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South Island Strong on Maori Television Business S



“Ngai Tahu – no one can touch them in terms of iwi development, and this week we look at how they manage adventure tourism.” Presenter Awerangi Durie sets the scene for another episode of Maori Television business series UMANGA, this Monday May 23 at 8.00 PM.

UMANGA is about business – how to get into business, how to stay in business and how to be successful in business. Spearheaded by presenters Awerangi Durie and Titus Rahiri, the bi-lingual series is educational, aspirational and inspirational. Through interviews, field visits and panel discussions, UMANGA answers some of those questions posing challenges for Maori entrepreneurs.

In this week’s episode, the series visits with South Island tourism leaders Ngai Tahu Tourism, entrepreneur Lisa Covey, King County-based forestry industrialists Awesome Products and Tourism New Zealand chairman Wally Stone.

Kicking off with Hano Ormsby from Awesome Products, the episode reveals the aluminium ladder that has propelled the company to become market leaders in manufacturing. Initially, the cut-throat realm of business and its facets of marketing and retailing were alien to Ormsby, who came up with the idea for a specialised ladder from 40 years’ of experience as a bushman. “This was a whole new game to me. I needed to get expert advice and I was able to use business mentors to deal with my planning and marketing strategies.” He registered Awesome Products as a company in order to patent the invention and sales have continued strong for this ingeniously safe and lightweight invention. Adds Titus : “here’s another fine example of Kiwi ingenuity going all the way to the top.”

Then, Ngai Tahu Tourism commercial manager Rakihia Tau delves into the concepts of manaakitanga (hospitality) and cultural promotion to talk about the successes that Ngai Tahu Tourism has secured since launching Shotover Jet Queenstown 34 years ago. The incredibly successful division of Te Runanga o Ngai Tahu (Ngai Tahu Group) has gone on to experience solid growth while acquiring several other tourism products, including Franz Josef Glacier Guides, Hollyford Valley Walks in the Milford Sounds and Access Taxis – a water taxi service located at Marehau at the top of the South Island. “As long as we invest prudently, then in time we will eventually achieve our vision. It doesn’t matter if it’s in five or 10 years – we have a stewardship role here over our assets and it’s our job to make sure we don’t lose them.”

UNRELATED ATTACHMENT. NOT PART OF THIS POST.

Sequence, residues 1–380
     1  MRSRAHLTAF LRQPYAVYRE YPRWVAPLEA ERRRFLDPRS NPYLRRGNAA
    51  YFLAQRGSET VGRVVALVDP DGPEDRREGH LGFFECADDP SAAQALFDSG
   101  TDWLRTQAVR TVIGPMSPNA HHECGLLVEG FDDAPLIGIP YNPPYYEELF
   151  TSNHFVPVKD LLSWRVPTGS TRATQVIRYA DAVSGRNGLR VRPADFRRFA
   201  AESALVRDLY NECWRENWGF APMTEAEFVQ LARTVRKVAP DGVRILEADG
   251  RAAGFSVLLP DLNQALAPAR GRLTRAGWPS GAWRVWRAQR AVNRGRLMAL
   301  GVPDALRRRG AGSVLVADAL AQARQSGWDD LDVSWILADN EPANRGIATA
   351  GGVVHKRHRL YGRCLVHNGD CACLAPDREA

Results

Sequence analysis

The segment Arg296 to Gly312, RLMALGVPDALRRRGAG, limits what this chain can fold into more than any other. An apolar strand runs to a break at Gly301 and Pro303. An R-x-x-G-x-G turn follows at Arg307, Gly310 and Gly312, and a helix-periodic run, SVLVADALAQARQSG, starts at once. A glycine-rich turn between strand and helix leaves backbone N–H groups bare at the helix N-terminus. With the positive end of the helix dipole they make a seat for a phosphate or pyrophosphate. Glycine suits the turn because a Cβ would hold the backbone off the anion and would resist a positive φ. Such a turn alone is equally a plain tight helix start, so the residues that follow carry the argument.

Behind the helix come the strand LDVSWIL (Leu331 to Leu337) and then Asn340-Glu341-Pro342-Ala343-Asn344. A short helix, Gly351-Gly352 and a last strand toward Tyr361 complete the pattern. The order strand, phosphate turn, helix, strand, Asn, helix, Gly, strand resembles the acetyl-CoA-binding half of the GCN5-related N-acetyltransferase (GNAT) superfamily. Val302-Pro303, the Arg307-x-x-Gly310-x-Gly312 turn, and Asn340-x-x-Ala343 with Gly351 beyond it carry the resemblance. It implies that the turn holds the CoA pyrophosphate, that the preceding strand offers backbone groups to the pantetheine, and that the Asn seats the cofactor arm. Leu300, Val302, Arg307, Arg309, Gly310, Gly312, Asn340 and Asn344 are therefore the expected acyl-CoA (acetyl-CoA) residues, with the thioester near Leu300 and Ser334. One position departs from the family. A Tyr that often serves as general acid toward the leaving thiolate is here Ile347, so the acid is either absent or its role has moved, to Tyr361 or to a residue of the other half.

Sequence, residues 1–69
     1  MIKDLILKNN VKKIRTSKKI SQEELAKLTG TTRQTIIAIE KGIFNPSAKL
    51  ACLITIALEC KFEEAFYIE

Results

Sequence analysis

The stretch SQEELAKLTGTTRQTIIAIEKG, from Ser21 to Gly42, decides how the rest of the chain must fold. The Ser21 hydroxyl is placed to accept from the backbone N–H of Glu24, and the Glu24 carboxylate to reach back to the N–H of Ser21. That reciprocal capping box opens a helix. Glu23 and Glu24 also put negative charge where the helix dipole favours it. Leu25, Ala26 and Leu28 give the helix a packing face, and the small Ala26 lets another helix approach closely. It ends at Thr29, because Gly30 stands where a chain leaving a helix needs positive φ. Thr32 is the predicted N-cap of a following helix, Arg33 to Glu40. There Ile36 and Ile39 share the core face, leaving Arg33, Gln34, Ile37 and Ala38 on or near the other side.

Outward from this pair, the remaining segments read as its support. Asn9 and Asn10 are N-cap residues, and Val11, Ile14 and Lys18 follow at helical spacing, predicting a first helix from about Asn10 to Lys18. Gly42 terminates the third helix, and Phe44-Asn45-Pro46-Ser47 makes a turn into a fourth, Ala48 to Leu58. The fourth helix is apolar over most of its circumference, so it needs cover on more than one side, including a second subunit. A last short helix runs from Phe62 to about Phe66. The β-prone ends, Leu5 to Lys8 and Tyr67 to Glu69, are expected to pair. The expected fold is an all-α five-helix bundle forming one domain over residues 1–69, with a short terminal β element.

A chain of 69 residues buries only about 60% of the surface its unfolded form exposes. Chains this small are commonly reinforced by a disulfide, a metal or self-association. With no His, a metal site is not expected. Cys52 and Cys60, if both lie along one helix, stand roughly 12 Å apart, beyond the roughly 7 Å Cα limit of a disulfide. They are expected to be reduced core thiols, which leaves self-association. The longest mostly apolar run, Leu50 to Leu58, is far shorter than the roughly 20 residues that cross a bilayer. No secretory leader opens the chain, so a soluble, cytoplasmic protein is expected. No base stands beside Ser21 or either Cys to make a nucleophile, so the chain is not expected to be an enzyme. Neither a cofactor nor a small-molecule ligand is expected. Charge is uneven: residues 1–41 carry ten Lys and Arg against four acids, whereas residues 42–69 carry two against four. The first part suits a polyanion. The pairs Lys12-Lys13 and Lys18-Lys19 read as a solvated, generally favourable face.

Staying in the South Island theme, Awerangi chats with Kaikoura-based Tourism New Zealand chairman Wally Stone, who also sits as the chairman of the Ngai Tahu-owned Whale Watch Kaikoura. An astute businessman of impeccable credentials, Stone reflects on what is required of a successful business entrepreneur, while reflecting on the struggle that Maori historically faced in starting up self-sustainable businesses. “I still remember 15 years ago when, if you were a Maori and thinking about going into business there was a huge stereotype. Back then, Maori didn’t have the best reputation in terms of successful businesses. Maori are now seen as very entrepreneurial and there are some very successful Maori leading some very big corporations in the country,” he says.

Entrepreneur Lisa Covey agrees. She says Maori are still rated as the fourth most entrepreneurial nations according to Global Entrepreneurship Monitor (GEM) data. “So, leadership is a sensitive topic at the moment with business communities,” she adds. Covey heads a management consulting company targeted at start-up businesses for indigenous cultures and Red Flower Films with business partner Kath Akuhata-Brown. Her current project is working to develop a model of economic leadership for Maori with the Business Leadership Institute, “so that the young people coming through are being nurtured and we can manage our natural resources better.”

Packed solidly with sound business advice and inspirational Maori business leaders, UMANGA screens every Monday evening at 8.00 PM.


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